In this Sumo Logic Employee Spotlight we interview Rocio Lopez. A lover of numbers, Rocio graduated from Columbia University with a degree in economics, but certain circumstances forced her to forego a career in investment banking and instead begin freelancing until she found a new career that suited her talents and passions: product design.
Intrigued? You should be! Read Rocio’s story below. She was a delight to interview!
When Creativity Calls
Q: So tell me, Rocio, what’s your story?
Rocio Lopez (RL): I am a product designer at Sumo Logic and focus mostly on interaction design and prototyping new ideas that meet our customers’ needs.
Q: Very cool! But, that’s not what you went to school for, was it?
RL: No. I studied economics at Columbia. I wanted to be an investment banker. Ever since I was a little girl, I’ve been a nerd about numbers and I love math. Part of it was because I remember when the Peso was devalued and my mom could no longer afford to buy milk.
I became obsessed with numbers and this inspired my college decision.
But the culture and career path at Columbia was clear — you either went into consulting or investment
banking. I spent a summer shadowing at Citigroup (this was during the height of the financial crisis), and although my passion was there, I had to turn down a career in finance because I was here undocumented.
Q: That’s tough. So what did you do instead?
RL: When I graduated in 2011, I started doing the things I knew how to do well like using Adobe Photoshop and InDesign to do marketing for a real estate company or even doing telemarketing.
I eventually landed a gig designing a database for a company called Keller Williams. They hired an engineer to code the database, but there was no designer around to think through the customer experience so I jumped in.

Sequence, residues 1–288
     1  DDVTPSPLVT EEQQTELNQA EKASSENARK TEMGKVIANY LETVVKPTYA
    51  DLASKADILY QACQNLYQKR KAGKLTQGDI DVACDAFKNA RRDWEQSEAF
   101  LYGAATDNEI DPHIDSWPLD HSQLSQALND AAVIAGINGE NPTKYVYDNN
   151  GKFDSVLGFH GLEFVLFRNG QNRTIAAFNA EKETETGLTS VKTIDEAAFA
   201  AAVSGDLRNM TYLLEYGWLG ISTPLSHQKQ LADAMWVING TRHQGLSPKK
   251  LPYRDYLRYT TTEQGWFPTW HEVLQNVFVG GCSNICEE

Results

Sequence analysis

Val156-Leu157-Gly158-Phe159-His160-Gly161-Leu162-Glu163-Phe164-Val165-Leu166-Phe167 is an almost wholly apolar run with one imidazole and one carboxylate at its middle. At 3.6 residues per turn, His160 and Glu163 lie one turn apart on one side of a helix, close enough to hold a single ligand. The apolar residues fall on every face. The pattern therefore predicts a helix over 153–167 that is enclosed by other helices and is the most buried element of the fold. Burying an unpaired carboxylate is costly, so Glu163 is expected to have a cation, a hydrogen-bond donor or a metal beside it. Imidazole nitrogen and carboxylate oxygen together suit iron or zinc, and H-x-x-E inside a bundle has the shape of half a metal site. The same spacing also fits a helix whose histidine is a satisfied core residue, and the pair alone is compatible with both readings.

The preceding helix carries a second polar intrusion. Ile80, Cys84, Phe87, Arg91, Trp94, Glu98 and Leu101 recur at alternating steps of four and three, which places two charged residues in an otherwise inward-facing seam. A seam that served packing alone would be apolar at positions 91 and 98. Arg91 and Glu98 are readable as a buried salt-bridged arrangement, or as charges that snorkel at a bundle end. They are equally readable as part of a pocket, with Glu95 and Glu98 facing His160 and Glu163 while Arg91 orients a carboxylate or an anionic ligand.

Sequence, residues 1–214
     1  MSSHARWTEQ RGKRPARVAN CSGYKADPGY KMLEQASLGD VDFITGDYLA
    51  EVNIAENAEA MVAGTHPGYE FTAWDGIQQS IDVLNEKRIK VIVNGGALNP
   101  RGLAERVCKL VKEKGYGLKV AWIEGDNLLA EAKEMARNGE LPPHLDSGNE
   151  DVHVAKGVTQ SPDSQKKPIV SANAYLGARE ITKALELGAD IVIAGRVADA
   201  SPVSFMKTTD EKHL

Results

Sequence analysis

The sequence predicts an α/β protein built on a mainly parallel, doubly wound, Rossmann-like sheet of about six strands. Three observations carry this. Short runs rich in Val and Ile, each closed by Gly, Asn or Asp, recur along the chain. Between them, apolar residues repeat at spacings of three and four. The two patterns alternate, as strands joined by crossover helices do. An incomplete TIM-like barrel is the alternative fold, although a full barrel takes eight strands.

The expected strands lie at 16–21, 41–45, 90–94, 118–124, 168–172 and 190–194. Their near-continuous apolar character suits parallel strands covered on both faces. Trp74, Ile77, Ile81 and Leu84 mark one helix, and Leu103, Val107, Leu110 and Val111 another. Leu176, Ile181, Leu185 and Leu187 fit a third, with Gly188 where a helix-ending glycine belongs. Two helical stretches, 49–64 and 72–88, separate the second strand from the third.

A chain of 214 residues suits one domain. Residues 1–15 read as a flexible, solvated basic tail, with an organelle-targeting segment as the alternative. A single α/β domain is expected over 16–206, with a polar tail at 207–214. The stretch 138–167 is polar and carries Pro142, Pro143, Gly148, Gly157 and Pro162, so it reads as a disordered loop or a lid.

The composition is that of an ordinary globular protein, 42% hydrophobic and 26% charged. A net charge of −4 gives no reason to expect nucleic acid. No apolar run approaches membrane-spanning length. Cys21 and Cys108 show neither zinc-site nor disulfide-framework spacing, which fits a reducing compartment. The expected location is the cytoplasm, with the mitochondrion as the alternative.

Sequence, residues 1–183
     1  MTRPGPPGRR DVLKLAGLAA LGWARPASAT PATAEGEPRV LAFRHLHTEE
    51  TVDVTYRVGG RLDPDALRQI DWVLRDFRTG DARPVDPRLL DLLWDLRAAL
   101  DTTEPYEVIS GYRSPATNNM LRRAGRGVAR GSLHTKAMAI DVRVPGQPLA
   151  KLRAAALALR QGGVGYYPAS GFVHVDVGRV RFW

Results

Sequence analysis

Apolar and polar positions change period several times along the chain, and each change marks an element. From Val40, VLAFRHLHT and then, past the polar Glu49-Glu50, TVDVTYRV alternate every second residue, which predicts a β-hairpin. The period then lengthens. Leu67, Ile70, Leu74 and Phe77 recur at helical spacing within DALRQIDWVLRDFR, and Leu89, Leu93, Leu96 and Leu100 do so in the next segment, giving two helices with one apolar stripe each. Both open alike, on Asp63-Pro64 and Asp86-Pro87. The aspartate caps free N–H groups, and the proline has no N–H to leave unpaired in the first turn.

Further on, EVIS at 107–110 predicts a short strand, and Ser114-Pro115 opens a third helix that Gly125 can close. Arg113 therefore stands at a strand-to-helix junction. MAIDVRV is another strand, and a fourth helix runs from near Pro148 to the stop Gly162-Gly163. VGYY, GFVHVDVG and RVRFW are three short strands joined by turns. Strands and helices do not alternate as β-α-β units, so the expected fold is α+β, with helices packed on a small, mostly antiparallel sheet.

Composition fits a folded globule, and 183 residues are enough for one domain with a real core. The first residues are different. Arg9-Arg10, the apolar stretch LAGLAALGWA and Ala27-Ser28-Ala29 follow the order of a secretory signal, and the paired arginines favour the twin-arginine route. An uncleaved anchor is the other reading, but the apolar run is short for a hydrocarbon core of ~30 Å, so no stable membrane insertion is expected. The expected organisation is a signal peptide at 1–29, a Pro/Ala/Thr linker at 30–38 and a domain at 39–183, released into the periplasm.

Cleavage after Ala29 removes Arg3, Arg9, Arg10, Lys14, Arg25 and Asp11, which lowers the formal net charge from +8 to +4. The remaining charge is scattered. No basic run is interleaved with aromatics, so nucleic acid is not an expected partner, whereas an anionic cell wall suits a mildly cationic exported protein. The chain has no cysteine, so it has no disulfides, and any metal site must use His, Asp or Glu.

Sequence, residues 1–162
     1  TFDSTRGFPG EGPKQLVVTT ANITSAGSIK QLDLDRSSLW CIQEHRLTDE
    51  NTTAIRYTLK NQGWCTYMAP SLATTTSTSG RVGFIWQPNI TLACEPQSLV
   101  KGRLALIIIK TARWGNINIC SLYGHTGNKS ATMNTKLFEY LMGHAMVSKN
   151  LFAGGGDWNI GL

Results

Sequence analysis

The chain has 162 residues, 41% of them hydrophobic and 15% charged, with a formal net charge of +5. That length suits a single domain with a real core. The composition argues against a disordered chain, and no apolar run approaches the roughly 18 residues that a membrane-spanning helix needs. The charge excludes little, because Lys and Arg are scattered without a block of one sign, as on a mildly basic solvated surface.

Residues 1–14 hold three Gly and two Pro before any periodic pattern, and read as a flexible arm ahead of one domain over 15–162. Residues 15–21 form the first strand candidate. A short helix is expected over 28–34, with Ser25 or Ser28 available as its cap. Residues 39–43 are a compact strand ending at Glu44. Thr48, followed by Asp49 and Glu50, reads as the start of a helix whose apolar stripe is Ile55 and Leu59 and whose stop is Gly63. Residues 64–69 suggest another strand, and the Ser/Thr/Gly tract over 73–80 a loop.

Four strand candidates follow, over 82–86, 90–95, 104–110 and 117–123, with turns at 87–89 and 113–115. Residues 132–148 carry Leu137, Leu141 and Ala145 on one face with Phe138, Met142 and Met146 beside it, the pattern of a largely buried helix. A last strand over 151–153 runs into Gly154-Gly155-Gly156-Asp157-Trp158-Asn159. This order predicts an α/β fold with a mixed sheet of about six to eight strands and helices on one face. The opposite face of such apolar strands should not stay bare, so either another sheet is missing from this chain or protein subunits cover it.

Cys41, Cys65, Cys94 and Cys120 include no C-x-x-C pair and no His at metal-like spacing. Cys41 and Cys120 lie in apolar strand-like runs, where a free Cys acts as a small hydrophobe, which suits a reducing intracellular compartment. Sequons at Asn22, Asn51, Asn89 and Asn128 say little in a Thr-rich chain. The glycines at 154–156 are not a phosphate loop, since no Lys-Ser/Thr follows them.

Q: So that’s the job that got you interested in product design?
RL: Yes. And then I spent a few years at Cisco in the marketing organization where they needed help revamping their training platforms. I started doing product design without even knowing what it was until a lead engineer called it out.
I continued doing small design projects, started freelancing and exploring on my own until I connected with my current manager, Daniel Castro. He was hiring for a senior role, and while I was not that senior, the culture of the team drew me in.
Q: Can you expand on that?
RL: Sure. The design team at Sumo Logic is very unique. I’ve spent about seven years total in the industry and what I’ve been most impressed by is the design culture here, and the level of trust and level-headedness the team has. I’ve never come across this before. You would think that because we’re designing an enterprise product that everyone would be very serious and buckled up, but it’s the opposite.
The Life of a Dreamer
Q: Let’s switch gears here. I heard you on NPR one morning, before I even started working at Sumo Logic. Tell me about being a dreamer.
RL: People come to the U.S. undocumented because they don’t know of other ways to come legally or the available paths for a visa aren’t a match for them because they may not have the right skills. And those people bring their families. I fell into that category. I was born in Mexico but my parents came over to the U.S. seeking a better life after the Tequila crisis. I grew up in Silicon Valley and went to school like any other American kid.
When Barack Obama was in office, he created an executive order known as the Deferred Action for Childhood Arrivals (DACA) program, since Congress has failed to passed legislative action since 2001. To qualify for the program, applicants had to have arrived in the U.S. before age 16 since June 15, 2007 and pass a rigorous background check by homeland security every two years. .
I fell into this category and was able to register in this program. Because most of the immigrants are young children who were brought here at a very young age, we’ve sort of been nicknamed “dreamers” after the 2001 DREAM Act (short for Development, Relief and Education for Alien Minors Act).